The Athlone-based Dubliner flew the flag at his national open championship in some style yesterday, shooting a four-under-par 67 at Killarney Golf & Fishing Club to take a share of sixth place, four shots behind first-round leader Jeev Milkha Singh of India.
It was a satisfying day for the Challenge Tour player as he upstaged the illustrious quartet of Irish Major champions whose presence was turning this week’s tournament into a marquee event on the European Tour.
Moriarty, 32, only made the field courtesy of an invitation a fortnight ago but he outscored British Open champion Darren Clarke by two shots, US Open champion Rory McIlroy by three, 2010 US Open winner Graeme McDowell by five and three-time Major winner Pádraig Harrington by six.
The Glasson pro, who had local 17-year-old caddie Fergal O’Shea on his bag, birdied the par-four first before carding two birdies and two bogeys over the next eight holes. Having parred the first five holes of the back nine, Moriarty finished with a bang, with birdies at the 15th, 16th and 18th.
“I just played nice, nothing out of the ordinary,” Moriarty said. “I didn’t think four under flattered me, that doesn’t mean I am going to play well tomorrow. I just go out there with no expectations again. Certainly, if I play the way I have for the next three days there is no reason why it won’t go well.”
Playing in the group ahead of McIlroy, Moriarty got to taste a little of the atmosphere the 22-year-old Major champion created in his first tournament on home soil since his US Open triumph at Congressional Country Club in June. There were large galleries following McIlroy, although he acknowledged that his opening one-under-par 70 could have been much better, having reached four under after 10 holes before a bogey at the 11th and double bogey on 18 sent him back down the leaderboard.
“Yeah, four under through 10 was going along quite nicely, and then I didn’t drive the golf ball great all day, that sort of let me down a bit and it just sort of caught up with me at the end. I struggled to make any birdies on the way in and to finish like that with a six isn’t too nice. But I feel as if most of my game’s in pretty good shape. I just need to go and work on a couple of things this afternoon.”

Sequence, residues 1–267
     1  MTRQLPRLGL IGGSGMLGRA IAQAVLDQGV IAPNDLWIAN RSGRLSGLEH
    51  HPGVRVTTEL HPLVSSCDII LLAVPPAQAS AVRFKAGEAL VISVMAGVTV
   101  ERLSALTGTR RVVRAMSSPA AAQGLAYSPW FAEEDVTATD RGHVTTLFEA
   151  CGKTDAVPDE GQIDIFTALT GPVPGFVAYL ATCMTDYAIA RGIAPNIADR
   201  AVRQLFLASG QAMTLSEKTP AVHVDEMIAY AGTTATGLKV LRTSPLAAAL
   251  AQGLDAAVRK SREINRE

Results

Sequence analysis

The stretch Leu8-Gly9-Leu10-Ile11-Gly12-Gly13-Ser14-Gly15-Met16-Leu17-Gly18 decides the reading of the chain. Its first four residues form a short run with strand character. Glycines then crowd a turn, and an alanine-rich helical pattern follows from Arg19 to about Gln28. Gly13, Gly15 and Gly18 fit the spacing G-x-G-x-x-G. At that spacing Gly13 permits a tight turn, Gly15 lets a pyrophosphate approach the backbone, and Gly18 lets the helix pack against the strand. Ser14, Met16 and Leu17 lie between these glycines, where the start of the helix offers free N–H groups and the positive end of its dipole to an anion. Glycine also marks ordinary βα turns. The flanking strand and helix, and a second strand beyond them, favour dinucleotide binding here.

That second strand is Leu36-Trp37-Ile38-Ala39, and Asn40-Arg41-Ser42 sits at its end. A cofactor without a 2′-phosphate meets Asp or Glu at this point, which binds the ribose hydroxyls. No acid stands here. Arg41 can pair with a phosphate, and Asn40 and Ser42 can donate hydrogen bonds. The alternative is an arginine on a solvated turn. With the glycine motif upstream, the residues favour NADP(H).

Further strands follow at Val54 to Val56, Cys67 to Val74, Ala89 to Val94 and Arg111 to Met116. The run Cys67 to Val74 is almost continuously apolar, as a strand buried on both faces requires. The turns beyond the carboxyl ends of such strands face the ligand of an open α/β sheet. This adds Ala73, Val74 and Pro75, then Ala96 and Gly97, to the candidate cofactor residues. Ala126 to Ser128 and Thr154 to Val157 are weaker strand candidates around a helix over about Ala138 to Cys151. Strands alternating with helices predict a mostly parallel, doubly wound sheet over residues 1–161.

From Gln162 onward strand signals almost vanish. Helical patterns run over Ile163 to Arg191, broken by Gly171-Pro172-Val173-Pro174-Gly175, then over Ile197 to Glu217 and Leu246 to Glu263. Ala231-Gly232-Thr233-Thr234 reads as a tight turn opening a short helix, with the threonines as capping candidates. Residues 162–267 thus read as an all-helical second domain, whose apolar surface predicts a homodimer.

McIlroy also produced the shot of the day, his second at the 14th from right rough 125 yards from the front of the green, up and around trees and a front bunker to around 12 feet with a sand wedge. Asked if it was his best shot ever, McIlroy conceded it might have made his top five.
Behind Moriarty, Simon Thornton was the next best Irish player, the Team Ireland golfer going out in the penultimate group of the day and shooting a three-under-par 68.
Best of the big four was Clarke, the most recent addition to the Majors club and bidding to win his first Irish Open at the 20th attempt, just as his British Open success had been a fortnight ago. His two-under 69 had begun with a bogey at the par-four first before birdies at the seventh and ninth got him back on track. It was a similar story on the back nine as Clarke rebounded from a bogey at 13 with birdies at the 16th and 17th.
“I wouldn’t quite say I scrapped my way around. I hit a lot of good shots and had lots of chances but didn’t quite have the speed of the greens today. Sixty-nine was maybe one or two more than I felt I should have had but, overall, 69 is pretty good.”
Clarke shares a tie at two under with, amongst others, fellow Ulstermen Michael Hoey and the amateur Paul Cutler, a product of the Darren Clarke Foundation and school, while another pupil, Alan Dunbar, was among the Irishmen alongside McIlroy on one under.
Also shooting 70s were Peter Lawrie, Paul McGinley, Barrie Trainor and another Ulster amateur, Darren McWilliams, while Waterville’s David Higgins shot a level-par 71.
McDowell’s travails continued as he followed up a missed cut at Royal St George’s with an opening 72 in Killarney while Harrington was a shot worse off and feeling he has to pull out a big second round.
“Played well, scored badly,” Harrington said. “It’s not a great start. I need to play well, score well from here on in. A lot of work to be done.”